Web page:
22.08. – Overtures and Macaroni

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22.08., 6:00 pm – Overtures and Macaroni
Concert Hall in CKK Jordanki / Tickets: PLN 25 (BUY TICKET)

Wystąpią:
Toruń Orkiestra Symfoniczna
Adam Banaszak – conductor
Wojciech Pławner – conductor-in-residence

Programme:
F. von Suppe – Light Calvary Overture
G.
Rossini – Semiramide Overture
G.
Rossini – La Cenerentola Overture
G.
Rossini – The Thieving Magpie Overture
G.
Rossini – The Barber of Seville Ouverture
G.
Verdi – La traviata, Prelude to Act III
G.
Verdi – Nabucco Overture

Inspiration can sometimes be conceived under duress, as in the case of Gioacchino Rossini, who all too often created his works under time pressure, which can be confirmed by his words: “There is no better stimulus that prepares the ground for inspiration than working under duress, either from the presence of a copyist waiting for your work, or from the impresarios who keep rushing you while pulling their hair out. In my time, all the Italian impresarios had gone bald by the time they were in their thirties (…). I wrote the overture to The Thieving Magpie on the day it premiered, and this happened when I was already in the theatre, where the director imprisoned me under the watchful eye of four typists”. The concert success of the overture to The Thieving Magpie will only be repeated by the overture to Semiramide. Rossini loved duels with time. He signed a contract for The Barber of Seville with Teatro Argentina on 26 December 1815, committing himself to deliver the score… in mid-January the following year. No wonder that the overture was borrowed from an earlier Rossini opera: Elizabeth, Queen of England… Well, necessity is the mother of ‘invention’.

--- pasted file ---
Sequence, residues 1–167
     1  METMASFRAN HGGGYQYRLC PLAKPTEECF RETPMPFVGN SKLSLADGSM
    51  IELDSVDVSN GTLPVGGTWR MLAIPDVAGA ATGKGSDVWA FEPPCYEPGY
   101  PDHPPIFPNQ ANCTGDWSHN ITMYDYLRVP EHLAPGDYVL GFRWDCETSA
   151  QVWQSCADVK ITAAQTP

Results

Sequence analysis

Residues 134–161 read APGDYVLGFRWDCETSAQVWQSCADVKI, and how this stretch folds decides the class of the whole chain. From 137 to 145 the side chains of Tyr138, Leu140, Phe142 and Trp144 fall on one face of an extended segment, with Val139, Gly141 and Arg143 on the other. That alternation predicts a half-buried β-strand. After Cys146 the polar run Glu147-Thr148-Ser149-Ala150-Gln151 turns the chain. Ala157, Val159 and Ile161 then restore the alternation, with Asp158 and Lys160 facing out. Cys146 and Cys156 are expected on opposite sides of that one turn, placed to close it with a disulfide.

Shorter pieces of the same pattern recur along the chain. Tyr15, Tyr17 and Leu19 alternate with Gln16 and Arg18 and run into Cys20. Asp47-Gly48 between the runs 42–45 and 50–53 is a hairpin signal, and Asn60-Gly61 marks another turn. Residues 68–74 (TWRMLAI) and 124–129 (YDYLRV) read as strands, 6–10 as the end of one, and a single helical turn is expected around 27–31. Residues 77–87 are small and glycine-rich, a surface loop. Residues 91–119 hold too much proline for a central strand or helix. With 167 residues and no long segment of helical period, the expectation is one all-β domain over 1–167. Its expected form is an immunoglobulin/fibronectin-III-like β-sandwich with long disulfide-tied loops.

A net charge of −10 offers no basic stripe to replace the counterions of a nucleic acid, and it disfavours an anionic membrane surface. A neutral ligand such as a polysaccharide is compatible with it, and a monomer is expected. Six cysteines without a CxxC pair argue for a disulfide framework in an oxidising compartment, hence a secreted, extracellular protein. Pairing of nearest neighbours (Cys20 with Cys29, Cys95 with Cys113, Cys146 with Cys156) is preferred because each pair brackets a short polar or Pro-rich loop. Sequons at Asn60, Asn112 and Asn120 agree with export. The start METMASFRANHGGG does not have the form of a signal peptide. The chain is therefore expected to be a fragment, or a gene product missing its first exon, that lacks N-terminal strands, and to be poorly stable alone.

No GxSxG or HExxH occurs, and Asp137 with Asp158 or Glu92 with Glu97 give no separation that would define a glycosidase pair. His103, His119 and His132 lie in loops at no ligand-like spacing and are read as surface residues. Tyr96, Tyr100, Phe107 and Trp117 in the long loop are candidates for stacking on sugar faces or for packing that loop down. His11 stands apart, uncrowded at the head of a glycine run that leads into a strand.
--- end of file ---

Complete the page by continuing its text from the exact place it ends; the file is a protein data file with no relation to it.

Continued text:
Giuseppe Verdi also liked to write in a hurry, which he confessed in the words: “To write well, you have to be able to write quickly, as if at one breath, leaving all the adaptations, embellishments, and cleaning of the whole for later. Otherwise, composing an opera intermittently puts it at risk of making it look like a mosaic, devoid of style and character”. Nabucco and Traviata are certainly not musical works that we could refer to as musical patchworks. Both operas are masterful, and their overtures are a tasty prelude to a feast created from the spirit of the theatre. The overture to The Light Cavalry operetta by the Austrian composer Franz von Suppé is definitely lighter in character.

Aneta Derkowska, PhD

There is no intermission in the concert.
The event will take place in accordance with current recommendations and guidelines.

Please read the rules and comply with the GUIDELINES FOR THE CONCERT PARTICIPANTS.
IN CONNECTION WITH THE ONGOING COVID-19 PANDEMIA and completing the statement to be given to you by staff on the day of the concert.